"Over all, Mr. McCain was more charming and more colloquial" wrote Alessandra Stanley in the New York Times, but when he disagreed with Mr. Obama, "he had a scolding tone. He seemed almost piqued that he had to share the stage with a man who had been in the Senate only four years." On the other side of the stage, Obama was "not particularly warm or amusing; at times he was stiff and almost pedantic," according to Stanley. He was "calm, still, poised and more businesslike than personable. He was trying to be like John Kennedy talking about the space race, but he often sounded like a technocrat." His best comeback to McCain was when he reminded the elder statesman that when the Iraq war started in 2003, “you said it was going to be quick and easy. You said we knew where the weapons of mass destruction were. You were wrong. You said that we were going to be greeted as liberators. You were wrong. You said that there was no history of violence between Shia and Sunni, and you were wrong.” McCain's most interesting point was his factoid that "the average South Korean is three inches taller than the average North Korean." Huh?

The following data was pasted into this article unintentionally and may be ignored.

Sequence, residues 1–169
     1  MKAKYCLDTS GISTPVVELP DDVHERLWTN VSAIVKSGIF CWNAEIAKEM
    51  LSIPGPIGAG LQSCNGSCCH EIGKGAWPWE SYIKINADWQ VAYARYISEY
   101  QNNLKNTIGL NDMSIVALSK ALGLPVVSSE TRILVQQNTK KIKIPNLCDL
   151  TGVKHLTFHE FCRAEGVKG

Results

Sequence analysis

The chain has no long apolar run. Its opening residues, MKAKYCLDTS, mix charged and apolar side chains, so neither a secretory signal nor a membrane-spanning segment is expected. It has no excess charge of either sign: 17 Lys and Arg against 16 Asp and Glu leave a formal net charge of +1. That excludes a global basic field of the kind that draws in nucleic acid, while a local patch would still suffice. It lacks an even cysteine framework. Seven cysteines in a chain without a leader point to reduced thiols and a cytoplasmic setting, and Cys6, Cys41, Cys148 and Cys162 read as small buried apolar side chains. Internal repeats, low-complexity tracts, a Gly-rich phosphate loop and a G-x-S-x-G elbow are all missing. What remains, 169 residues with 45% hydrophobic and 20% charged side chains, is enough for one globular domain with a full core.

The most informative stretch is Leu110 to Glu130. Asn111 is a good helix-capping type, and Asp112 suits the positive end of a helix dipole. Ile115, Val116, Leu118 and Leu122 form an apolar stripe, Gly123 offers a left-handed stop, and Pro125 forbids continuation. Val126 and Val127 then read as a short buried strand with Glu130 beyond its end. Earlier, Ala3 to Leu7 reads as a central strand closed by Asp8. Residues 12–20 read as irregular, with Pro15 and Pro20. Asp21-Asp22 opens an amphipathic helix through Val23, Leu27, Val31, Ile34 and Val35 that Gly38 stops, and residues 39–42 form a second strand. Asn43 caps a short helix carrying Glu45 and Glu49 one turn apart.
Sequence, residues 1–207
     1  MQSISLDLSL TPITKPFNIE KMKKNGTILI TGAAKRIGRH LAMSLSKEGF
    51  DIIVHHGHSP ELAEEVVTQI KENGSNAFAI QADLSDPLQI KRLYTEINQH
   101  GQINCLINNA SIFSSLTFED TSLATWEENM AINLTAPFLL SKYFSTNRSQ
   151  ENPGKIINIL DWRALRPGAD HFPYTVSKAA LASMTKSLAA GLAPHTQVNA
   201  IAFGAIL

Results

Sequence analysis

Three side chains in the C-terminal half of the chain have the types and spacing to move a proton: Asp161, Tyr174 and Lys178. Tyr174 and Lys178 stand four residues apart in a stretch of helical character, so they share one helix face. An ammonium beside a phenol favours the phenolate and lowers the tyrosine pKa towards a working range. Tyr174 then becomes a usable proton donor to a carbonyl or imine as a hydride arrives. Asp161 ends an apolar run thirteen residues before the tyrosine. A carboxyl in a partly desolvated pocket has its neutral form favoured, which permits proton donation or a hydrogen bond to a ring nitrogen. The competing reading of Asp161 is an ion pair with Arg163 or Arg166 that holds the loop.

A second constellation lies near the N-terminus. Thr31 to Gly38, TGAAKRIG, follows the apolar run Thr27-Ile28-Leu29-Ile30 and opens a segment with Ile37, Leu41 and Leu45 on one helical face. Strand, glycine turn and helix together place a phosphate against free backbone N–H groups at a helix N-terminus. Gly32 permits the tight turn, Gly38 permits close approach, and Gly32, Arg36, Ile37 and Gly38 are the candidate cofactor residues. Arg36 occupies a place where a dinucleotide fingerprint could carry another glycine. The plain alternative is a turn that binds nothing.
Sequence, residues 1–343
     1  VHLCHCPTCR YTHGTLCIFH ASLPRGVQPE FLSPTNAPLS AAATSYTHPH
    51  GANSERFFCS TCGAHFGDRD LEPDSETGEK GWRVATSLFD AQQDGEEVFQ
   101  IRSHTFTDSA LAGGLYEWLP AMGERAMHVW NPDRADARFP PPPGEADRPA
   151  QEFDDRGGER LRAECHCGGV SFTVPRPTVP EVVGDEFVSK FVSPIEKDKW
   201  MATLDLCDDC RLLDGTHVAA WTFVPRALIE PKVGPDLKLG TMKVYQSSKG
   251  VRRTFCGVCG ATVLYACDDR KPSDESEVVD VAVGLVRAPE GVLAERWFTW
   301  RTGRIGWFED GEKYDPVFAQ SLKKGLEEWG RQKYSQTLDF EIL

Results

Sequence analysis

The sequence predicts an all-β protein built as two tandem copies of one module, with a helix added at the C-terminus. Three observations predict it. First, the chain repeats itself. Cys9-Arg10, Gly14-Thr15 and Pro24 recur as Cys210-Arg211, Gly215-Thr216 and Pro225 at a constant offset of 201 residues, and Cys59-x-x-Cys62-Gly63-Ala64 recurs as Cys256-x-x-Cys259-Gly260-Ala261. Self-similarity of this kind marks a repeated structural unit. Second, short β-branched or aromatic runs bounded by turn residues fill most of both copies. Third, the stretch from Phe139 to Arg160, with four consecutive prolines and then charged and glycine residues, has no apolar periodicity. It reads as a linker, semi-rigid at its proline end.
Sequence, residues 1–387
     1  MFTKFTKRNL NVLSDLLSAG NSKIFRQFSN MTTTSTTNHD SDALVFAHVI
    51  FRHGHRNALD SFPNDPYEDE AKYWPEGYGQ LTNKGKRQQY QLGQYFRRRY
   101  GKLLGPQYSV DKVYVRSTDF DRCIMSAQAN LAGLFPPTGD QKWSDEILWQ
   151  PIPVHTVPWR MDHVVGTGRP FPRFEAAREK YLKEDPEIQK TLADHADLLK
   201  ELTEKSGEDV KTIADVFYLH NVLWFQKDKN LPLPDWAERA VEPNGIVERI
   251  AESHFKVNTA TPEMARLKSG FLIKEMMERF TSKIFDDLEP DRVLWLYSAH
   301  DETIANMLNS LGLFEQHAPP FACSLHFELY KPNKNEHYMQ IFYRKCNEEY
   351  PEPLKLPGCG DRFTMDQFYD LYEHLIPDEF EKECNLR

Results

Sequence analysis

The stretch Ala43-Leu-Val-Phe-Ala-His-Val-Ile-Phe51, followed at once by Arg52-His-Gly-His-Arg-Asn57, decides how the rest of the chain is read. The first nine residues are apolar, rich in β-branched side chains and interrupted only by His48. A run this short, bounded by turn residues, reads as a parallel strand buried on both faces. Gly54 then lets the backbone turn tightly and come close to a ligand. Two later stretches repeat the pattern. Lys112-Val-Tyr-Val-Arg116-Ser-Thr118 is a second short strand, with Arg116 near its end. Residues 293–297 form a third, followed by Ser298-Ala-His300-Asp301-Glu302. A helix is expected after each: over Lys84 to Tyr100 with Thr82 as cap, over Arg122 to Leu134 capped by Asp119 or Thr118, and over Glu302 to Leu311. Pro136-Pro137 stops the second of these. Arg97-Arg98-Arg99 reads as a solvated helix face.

In the beginning, Jim Lehr tried to get the candidates to talk about the huge Wall Street bailout, but neither was willing to commit himself, or suggest changes in the Paulson scheme under intense negotiation in Washington today. Obama failed to convincingly lay the economic crisis at McCain's door where it belongs. Why can't the Democrats easily make the case that America has been heading towards economic disaster since the Reagan "revolution" which McCain so blindingly supports? But when Lehr switched from the economy to foreign policy, the ostensible topic of the first debate, Obama did not condemn the "Bush Doctrine" which McCain supports (and Palin can't define). They seemed embarrasingly close on U.S. objectives in the Middle East. Dreyfuss in The Nation asked, "What about casting the principle challenge of foreign policy in terms of hunger, disease, lack of housing and access to clean water, that plagues the Third World and drives desperate people to violence?" From this perspective, the world's major problem is not terrorism but inequality.